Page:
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HISTORY

Blue Fugates: The rare genetic trait that made this family’s skin blue

For almost 200 years, the Fugates welcomed blue-skinned babies to their peculiar family.

Blue-skinned beings have ruled our collective imagination in fiction with iconic characters; however, the world would be amazed when fiction trespassed reality in 1975 when a baby boy with deep blue skin was born in a small hospital in Kentucky. The doctors were shocked by Benjy Stacy’s rare skin color since it wasn’t a hue that suggested some sort of bad oxygenation, but a color they hadn’t seen before in any human being.

The doctors were so aghast by the baby’s condition and felt so useless to help him that they decided to call an ambulance and send him to the University of Kentucky Medical Center. There, baby Benjy was subjected to endless tests to try to find out what was wrong with the baby, but they failed to find a logical answer.

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They finally approached the family and were surprised to learn from Benjy’s grandmother that there wasn’t anything wrong with the baby. She simply asked the doctors if they had “ever heard of the blue Fugates of Troublesome Creek.” Turns out, Benjy Stacy was just one of many family members who, for the past 197 years had welcomed blue-skinned members. So, who were the “Blue People of Kentucky” or simply “Blue Fugates” and why was their skin blue?

Who were the Blue Fugates?

The story of the peculiar Fugates dates back to 1820, when Martin, a French orphan decided to settle in the small town of Troublesome Creek in Kentucky. He soon married a young local named Elizabeth Smith and both started a lovely family secluded from the world and with one characteristic that would shake the world two centuries later.

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Not knowing and being a mere act of coincidence, Martin and Elizabeth shared a rare genetic condition that made four of their seven children be born with blue skin. The four children were perfectly healthy so, with no apparent risky condition but their rare skin tone, the family grew bigger and bigger.

Since back in those days, rural towns like Troublesome Creek were not connected with roads or even railroads (the town became connected to the rest of the state until the 1910s), the Fugates started marrying each other, thus passing that rare recessive gene within their own bloodline. According to genealogist, and descendant of the Fugates, Dennis Stacy, “It was hard to get out, so they intermarried.”

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Why was the Fugate family blue?

For almost two centuries, the Fugates carried the rare gene welcoming new blue babies into the family. As the town became more and more open to the public, some of the youngest Fugates started to feel resented for their condition, even though locals accepted them. This started to change when it became evident that the fact that the blue skin condition had been inherited through inbreeding.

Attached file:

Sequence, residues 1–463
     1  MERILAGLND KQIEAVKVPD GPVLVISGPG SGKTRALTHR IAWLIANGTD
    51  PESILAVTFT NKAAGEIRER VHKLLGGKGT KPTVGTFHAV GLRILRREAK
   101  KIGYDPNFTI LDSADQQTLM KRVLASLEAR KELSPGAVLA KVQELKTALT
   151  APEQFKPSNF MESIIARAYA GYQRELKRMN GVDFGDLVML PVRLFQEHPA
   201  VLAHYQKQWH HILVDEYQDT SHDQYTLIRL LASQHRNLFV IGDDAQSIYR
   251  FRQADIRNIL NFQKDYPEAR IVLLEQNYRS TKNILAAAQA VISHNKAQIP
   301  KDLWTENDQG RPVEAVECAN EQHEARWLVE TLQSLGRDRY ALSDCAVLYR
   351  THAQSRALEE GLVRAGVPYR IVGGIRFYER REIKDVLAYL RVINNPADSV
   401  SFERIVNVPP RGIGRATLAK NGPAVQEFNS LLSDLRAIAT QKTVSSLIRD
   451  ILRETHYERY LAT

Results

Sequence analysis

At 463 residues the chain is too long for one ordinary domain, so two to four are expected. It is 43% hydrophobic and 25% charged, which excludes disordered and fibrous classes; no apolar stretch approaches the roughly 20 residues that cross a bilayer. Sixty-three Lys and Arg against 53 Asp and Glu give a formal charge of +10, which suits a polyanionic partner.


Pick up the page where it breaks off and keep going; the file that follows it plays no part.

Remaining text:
By the early 1960s, two of the blue Fugates made some research and decided to approach a doctor from the University of Kentucky, a hematologist by the name of Madison Cawein. The latter, used collected some studies and research made on isolated populations in Alaska and after some time, concluded that the Fugate family carried a very rare hereditary blood disorder called methemoglobinemia. As the name suggests, this condition produces excessive levels of methemoglobin in the blood thus tinging the skin blue.

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Methemoglobin is a blue version of the regular red hemoglobin protein that carries oxygen. In white-skinned people, hemoglobin gives a particular pink tint, so, since the Fugates produced excessive methemoglobin, and they would be considered caucasian, their skin looked blue. Cawein explained that this blood disorder is the result of a rare recessive gene that requires both parents to have it to be visible in their children, and since both Martin and Elizabeth had it (and later on the family intermarried) chances of breeding blue-skinned babies was big.

Fortunately for the youngest Fugates who wanted a cure for their blue-skinned, condition, methemoglobinemia had a simple yet effective treatment, and that was using a chemical called methylene blue dye to turn methemoglobin into hemoglobin. In a matter of minutes, the blue color of their skin turned pink. They would just need to take the pills regularly to keep their skin pink.

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When baby Benjy Stacy was born, it had passed almost a decade since the family found an explanation for their rare skin condition. Nowadays, most of the Fugate descendants have regular Caucasian skin and no one keeps their blue skin. However, those with the recessive gene, still experience the blue coloration whenever they’re flushed with anger or embarrassment, but nothing that their pills can’t deal with.

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